Geijselaers SL, Sep SJ, Schram MT, van Boxtel MP, van Sloten TT, Op Het Roodt J, Henry RM, Reesink KD, Schaper NC, Dagnelie PC, van der Kallen CJ, Biessels GJ, Stehouwer CD
BACKGROUND AND AIMS:
Arterial remodelling aims at normalising circumferential wall stress (CWS). Greater CWS in the carotid artery has previously been associated with the prevalence and severity of cerebral small vessel disease, a major cause of ageing-related cognitive decline. Here we test the hypothesis that greater carotid CWS is associated with poorer cognitive performance.
We studied 722 individuals (60 ± 8 years, 55% men, 42.5% highly educated, blood pressure 137 ± 19/77 ± 11 mmHg, n = 197 with type 2 diabetes) who completed a neuropsychological assessment and underwent vascular ultrasound to measure the intima-media thickness (IMT) and interadventitial diameter (IAD) of the left common carotid artery at a plaque-free site. From IMT and IAD, lumen diameter (LD) was calculated. These structural measures were then combined with local carotid pulse pressure and brachial mean arterial pressure to obtain a measure of pulsatile (CWSpulsatile) and average (CWSmean) mechanical load on the vessel wall. Cognitive domains assessed were memory, executive function and attention, and processing speed.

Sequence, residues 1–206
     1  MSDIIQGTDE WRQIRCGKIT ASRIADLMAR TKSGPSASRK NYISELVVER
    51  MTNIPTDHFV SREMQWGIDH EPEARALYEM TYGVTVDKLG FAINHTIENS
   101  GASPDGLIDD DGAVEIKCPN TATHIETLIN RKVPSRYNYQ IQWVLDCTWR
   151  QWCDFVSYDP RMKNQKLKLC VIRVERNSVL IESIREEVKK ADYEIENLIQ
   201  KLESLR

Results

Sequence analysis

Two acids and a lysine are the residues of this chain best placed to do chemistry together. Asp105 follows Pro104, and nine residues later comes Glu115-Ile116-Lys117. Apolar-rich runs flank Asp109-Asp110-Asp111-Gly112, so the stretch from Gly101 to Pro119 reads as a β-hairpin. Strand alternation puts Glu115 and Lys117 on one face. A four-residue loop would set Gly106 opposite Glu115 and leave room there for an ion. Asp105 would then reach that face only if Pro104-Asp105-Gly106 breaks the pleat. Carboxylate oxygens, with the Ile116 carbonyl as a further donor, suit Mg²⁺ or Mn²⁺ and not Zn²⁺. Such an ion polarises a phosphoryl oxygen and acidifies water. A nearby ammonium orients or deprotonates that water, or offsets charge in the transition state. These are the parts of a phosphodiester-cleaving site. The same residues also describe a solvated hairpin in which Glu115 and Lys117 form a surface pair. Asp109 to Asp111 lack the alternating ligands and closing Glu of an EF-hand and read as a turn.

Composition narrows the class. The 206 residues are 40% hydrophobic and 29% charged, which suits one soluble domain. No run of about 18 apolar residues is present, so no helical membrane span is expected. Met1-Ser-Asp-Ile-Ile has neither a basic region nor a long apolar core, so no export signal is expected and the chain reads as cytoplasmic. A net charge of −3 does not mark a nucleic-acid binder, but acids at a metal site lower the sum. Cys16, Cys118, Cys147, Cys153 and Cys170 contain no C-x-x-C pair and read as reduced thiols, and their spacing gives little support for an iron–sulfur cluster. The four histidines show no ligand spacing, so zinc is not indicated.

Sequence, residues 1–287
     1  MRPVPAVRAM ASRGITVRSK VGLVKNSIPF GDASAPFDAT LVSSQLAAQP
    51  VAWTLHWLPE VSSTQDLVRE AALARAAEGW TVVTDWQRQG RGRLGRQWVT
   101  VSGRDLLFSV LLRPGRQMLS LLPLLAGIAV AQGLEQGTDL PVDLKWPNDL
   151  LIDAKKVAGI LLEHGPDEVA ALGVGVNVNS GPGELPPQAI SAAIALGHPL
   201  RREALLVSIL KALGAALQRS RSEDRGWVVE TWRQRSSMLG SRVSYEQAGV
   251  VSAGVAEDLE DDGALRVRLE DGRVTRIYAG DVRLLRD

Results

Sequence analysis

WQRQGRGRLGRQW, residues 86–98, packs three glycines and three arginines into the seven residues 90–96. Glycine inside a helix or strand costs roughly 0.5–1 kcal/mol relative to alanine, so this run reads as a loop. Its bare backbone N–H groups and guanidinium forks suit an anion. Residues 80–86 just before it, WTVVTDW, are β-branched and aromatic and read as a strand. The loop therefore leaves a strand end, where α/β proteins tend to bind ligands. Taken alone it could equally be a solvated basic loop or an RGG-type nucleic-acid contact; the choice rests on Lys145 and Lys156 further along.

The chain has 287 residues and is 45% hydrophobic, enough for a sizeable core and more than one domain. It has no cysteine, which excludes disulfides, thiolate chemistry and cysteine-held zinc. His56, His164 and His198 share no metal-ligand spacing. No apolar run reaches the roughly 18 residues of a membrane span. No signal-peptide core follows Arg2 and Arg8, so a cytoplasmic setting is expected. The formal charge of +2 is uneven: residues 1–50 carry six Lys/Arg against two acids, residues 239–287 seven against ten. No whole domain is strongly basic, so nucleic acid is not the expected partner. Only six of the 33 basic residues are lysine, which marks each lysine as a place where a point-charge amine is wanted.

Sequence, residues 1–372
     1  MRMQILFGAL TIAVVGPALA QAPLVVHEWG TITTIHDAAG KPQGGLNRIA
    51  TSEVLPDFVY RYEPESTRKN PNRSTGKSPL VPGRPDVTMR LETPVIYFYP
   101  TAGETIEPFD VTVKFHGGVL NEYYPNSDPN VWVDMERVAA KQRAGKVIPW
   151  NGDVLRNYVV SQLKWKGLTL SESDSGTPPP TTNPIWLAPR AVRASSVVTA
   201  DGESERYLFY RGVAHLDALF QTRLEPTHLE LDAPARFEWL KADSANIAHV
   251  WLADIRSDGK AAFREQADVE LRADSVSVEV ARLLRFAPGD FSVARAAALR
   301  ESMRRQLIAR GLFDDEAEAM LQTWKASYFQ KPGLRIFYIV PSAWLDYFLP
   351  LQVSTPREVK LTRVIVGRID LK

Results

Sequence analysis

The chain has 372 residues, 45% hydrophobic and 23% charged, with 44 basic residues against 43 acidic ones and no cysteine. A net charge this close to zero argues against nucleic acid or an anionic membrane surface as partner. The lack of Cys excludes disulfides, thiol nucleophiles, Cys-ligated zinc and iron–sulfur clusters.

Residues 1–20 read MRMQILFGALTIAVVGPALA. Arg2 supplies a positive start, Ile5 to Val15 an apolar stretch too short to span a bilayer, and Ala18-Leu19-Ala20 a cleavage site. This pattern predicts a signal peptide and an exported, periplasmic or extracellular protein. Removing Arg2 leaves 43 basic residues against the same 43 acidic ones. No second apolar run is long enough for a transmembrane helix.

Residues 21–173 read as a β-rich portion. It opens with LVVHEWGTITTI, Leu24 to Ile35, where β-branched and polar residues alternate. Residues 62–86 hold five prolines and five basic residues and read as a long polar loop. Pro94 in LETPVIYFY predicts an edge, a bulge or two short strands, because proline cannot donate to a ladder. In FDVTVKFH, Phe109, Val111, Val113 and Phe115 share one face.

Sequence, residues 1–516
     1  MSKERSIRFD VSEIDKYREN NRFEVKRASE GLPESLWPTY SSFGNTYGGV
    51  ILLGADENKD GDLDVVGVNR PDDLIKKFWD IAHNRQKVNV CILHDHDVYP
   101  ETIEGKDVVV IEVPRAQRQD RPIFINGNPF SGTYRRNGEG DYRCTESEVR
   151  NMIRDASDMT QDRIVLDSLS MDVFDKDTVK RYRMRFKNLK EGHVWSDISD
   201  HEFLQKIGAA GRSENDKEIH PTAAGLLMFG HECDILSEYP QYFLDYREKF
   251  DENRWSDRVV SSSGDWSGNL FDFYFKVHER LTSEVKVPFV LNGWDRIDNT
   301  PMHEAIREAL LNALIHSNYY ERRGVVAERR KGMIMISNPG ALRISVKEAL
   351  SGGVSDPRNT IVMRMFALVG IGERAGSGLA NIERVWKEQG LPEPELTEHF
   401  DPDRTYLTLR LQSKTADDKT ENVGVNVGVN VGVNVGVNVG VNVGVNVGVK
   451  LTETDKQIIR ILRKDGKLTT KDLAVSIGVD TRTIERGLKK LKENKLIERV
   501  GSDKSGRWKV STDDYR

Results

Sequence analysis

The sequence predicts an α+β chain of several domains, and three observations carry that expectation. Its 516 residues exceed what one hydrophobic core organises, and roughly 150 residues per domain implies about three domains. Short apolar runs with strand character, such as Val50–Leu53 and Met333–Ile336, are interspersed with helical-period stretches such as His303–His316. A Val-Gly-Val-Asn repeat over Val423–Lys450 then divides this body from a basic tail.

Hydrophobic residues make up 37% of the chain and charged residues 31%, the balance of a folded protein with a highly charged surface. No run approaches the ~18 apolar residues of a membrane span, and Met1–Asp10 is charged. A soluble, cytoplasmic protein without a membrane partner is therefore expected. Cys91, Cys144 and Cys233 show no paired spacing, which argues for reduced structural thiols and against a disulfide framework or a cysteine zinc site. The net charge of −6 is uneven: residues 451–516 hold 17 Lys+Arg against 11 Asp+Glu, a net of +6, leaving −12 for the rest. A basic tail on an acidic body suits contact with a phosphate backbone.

After adjustment for age, sex, and education, regression analyses showed that neither CWSpulsatile nor CWSmean were associated with measures of cognitive performance (p-values ≥0.31). This null association did not differ by age or educational level, and was observed in both individuals with and without carotid plaque, diabetes and/or hypertension. In addition, none of the individual measures of carotid structure (i.e. IMT, IAD, and LD) was related to cognitive performance.
The present cross-sectional study shows that carotid CWS is not associated with cognitive performance, at least not among relatively highly educated individuals in late middle age with adequately controlled cardiovascular risk factors.